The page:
Silas Mason’s Role

When Silas Mason was purchasing the forest land around Berea College, water was a big factor. The land he bought was mostly uphill from the College, and his idea was that the water found there could be gravity fed down to the school. This began happening in 1905, and the first reservoir was built in 1920.

Mason coupled forest management with watershed management. In The College Forest Preserve, he wrote:

“The power of the soil to absorb the rain as it falls, arresting and holding and turning it into the soil and through the porous rocks to be delivered during the dry portions of the year through the springs and streams, depends almost wholly upon the forest floor of humus and decaying materials.

With the portion of our lands… within the watershed area, this is of double importance, as the supply of spring water for our system is dependent upon the percolations of rain fall through the forest soil into the ground, through the porous sandstone, capping the upper hills, which forms reservoirs of a thousand times the capacity of our ten little reservoirs connected with the pipeline…”

Berea’s Water Today

The Berea College Forest’s watersheds supply the public water for the city and College. There are four reservoirs, a water treatment plant, and two water towers through which around 1 billion gallons of water flow each year.The four reservoirs are Owsley Fork Reservoir, Cowbell Reservoir, Kale Lake, and B-Lake.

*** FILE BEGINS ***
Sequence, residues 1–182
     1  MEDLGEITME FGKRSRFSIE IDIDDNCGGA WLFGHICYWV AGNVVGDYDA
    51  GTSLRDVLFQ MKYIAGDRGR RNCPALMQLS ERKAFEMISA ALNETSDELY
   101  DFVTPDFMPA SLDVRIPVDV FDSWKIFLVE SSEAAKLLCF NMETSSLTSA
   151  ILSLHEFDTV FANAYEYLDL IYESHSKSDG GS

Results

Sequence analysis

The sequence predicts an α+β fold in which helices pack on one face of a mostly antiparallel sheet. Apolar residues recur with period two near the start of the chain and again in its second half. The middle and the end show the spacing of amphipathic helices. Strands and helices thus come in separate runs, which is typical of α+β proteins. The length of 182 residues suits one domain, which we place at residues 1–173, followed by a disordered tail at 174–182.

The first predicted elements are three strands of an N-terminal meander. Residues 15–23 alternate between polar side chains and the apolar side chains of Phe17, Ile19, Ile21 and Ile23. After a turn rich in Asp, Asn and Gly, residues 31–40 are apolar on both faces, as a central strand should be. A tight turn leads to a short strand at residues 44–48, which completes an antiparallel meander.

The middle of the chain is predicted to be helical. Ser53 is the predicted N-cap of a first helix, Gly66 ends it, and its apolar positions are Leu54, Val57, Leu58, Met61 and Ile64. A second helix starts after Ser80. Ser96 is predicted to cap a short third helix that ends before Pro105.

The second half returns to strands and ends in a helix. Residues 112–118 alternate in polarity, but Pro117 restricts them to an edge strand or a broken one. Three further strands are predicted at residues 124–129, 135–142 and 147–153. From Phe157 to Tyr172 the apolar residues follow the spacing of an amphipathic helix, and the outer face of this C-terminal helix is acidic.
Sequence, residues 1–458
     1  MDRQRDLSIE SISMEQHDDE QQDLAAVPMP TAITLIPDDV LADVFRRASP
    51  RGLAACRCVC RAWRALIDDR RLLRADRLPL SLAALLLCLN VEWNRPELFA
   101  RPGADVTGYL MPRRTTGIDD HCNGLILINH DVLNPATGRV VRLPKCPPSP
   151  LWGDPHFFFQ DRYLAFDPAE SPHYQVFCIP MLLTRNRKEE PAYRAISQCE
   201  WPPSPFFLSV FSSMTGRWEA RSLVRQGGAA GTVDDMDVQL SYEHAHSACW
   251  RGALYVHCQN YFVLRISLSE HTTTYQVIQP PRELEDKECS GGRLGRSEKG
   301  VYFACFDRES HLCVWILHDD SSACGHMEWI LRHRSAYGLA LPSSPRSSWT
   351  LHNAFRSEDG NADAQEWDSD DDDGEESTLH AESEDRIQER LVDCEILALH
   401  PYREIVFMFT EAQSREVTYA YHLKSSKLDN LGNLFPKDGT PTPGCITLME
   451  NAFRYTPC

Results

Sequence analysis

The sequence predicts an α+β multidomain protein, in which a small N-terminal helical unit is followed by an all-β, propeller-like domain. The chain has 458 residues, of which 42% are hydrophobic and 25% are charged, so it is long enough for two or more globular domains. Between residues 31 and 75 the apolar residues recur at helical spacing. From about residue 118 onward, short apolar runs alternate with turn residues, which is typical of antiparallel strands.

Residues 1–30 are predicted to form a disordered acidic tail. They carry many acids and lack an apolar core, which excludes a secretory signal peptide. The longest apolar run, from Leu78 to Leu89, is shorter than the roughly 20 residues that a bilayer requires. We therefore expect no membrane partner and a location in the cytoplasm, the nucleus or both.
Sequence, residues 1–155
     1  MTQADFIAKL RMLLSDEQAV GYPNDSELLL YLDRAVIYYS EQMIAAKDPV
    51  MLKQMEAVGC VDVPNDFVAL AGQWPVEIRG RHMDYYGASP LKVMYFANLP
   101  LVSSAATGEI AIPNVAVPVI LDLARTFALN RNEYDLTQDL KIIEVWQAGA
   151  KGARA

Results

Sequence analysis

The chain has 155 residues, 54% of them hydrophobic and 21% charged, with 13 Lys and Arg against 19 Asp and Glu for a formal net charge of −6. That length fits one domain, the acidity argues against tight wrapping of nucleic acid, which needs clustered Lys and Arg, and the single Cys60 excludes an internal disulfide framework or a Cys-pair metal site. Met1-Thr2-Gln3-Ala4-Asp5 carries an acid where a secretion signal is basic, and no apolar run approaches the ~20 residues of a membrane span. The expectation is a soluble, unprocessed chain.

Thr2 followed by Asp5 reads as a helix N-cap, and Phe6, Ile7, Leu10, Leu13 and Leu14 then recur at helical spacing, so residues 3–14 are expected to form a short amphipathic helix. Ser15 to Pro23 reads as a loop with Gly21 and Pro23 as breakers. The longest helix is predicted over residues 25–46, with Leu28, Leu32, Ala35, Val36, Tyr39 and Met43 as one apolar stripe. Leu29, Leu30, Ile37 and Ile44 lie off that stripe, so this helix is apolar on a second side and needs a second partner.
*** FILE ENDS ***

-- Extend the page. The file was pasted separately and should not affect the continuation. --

Berea is unique and fortunate in that not many places in the United States can you find privately owned watersheds used for public water. This means that the water can be more carefully managed for things like purity.

Another unique aspect about this water system is that it is untouched water. Bereans are first time users of this water, since it comes from the reservoirs that get refilled by rain instead of from the Kentucky River, which many cities take from and put their used water back into.

Berea’s Water Infographic

Infographic made by VISTA Kayla Zagray